I used exactly 1 cup & 1 tbsp or 147.94 grams of flour (flour for dough + flour from Tang Zhong method, what the heck?!, I know, I know, I’ll get to that later) and 1/2 tsp or 1.75 g of instant dry yeast. Exactly one fourth the amount of yeast from the SE recipe would have been 2.18 g, so I accidentally under added the yeast by .43 g. I am being very precise with the numbers and there’s always going to be a little room for error when using a cheap kitchen scale to measure such tiny amounts, but .43 grams of yeast could have very well made a heck of a lot of difference. How much of a difference it made I may never know, as tens and tens of google searches didn’t uncover a specific answer. Nonetheless, my instinct is that it contributed to the sub-par finished roll. Given that I’m only supposed to work with 2 g of yeast per batch of rolls, .4, which is nearly ONE QUARTER of all that was required, would have been a game changer. Had I accidentally forgotten to add 1/4th the amount of flour or milk to the dough, the entire outcome would have been off big time. So, lesson learnt: dry yeast granules may be tiny, but they are very, very mighty.

The dough rose for an hour and five minutes the first rise and nearly 50 minutes the second rise, yet I had a nagging suspicion that I should have left it to rise longer the first time. I knew the importance of letting dough puff up to it’s potential during the first rise, as it won’t inflate nearly as much the second time around, but I was wavering for too long between to wait and not to wait and eventually got flustered, threw my hands in the air, and said what the hell with it, I’m rolling it out.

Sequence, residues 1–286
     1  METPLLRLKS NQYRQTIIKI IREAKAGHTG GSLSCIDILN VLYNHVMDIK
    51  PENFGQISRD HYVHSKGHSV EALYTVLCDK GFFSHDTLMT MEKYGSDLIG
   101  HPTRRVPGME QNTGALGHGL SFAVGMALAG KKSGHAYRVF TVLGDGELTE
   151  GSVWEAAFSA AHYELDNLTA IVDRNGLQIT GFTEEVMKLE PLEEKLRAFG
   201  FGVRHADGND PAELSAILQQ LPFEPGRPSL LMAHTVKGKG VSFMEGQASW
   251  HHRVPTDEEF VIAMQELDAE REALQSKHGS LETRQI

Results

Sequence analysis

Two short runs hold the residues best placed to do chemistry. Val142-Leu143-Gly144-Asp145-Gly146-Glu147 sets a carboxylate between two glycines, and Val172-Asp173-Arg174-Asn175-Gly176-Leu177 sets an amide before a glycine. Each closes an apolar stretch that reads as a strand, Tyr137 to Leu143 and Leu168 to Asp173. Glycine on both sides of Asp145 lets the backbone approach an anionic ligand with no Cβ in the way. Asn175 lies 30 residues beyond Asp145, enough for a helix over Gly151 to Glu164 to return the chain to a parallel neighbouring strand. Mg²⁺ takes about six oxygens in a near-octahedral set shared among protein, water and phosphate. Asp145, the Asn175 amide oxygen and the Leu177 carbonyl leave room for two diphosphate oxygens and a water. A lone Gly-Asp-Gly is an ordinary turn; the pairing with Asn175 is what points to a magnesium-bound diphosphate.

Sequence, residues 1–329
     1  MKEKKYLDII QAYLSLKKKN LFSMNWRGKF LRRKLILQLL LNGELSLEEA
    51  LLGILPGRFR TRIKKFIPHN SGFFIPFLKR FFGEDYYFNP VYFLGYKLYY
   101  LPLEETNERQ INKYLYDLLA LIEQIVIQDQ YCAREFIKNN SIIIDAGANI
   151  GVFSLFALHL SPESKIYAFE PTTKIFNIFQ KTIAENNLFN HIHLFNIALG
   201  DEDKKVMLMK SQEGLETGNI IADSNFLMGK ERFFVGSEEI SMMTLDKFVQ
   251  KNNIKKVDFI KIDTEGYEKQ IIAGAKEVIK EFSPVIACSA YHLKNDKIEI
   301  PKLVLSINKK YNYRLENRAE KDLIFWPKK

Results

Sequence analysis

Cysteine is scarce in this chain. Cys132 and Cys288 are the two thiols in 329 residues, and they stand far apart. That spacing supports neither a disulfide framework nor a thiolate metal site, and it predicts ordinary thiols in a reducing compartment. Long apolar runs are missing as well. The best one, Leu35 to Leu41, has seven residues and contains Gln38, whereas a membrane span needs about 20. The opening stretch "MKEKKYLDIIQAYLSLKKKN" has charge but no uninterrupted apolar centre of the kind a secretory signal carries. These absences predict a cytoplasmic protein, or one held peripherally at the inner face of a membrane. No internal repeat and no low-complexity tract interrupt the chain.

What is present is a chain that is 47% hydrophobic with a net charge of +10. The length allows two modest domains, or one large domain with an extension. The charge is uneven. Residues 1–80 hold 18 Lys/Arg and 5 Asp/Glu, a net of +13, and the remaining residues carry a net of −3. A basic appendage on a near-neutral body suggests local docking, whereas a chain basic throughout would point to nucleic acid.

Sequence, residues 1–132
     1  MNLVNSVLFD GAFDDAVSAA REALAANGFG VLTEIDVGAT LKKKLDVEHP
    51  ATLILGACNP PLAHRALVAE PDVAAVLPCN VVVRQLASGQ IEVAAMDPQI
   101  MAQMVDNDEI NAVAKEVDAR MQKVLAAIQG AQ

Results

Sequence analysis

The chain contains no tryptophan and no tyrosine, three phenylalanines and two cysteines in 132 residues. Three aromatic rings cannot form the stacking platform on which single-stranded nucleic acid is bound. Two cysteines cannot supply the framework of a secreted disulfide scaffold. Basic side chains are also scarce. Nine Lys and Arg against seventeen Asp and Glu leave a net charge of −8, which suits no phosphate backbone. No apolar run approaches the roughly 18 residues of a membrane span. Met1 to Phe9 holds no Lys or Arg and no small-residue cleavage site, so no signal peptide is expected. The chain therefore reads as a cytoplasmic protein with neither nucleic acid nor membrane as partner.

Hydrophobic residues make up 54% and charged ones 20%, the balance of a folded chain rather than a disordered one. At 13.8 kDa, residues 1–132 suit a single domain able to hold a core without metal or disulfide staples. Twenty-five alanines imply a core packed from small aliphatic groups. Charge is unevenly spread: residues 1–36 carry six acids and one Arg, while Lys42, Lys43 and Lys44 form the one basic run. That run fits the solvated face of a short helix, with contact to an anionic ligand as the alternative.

From the pictures, the second ball does in fact look twice the size (if not larger??). Turns out my nagging suspicions can be wrong and empirical evidence (which I gathered yet didn’t properly examine at the time?) cannot. You’d think the former photos would eliminate under-risen-dough as the culprit, but after going through the SE recipe again, I’m not so sure. Their recipe, like mine, calls for instant/active dry yeast (the 2 kinds can be used interchangeably, the only catch is that instant can be mixed directly into flour while active has to be ‘activated’ in slightly warmed-lukewarm water) and yet, they instruct a 2-2 1/2 hour first rise and a 1-1 1/2 hour second rise! I thought the very point in using instant/active dry yeast rather than plain ol’ dry yeast was to minimize the rising periods and have rolls in the oven in less than half a day? Perhaps I made an error in judgement by not letting the dough rise longer the first time, but I’m not so convinced that’s where the fault lies. Every other same-day cinnamon roll recipe I came across called for a much shorter rising period. Only if someone was using dry yeast did they extend the first rise to 2 hours and the second rise to 1 1/2 hours. I can only ponder this for now, but hopefully more probing research will give me a better sense of what to do next time.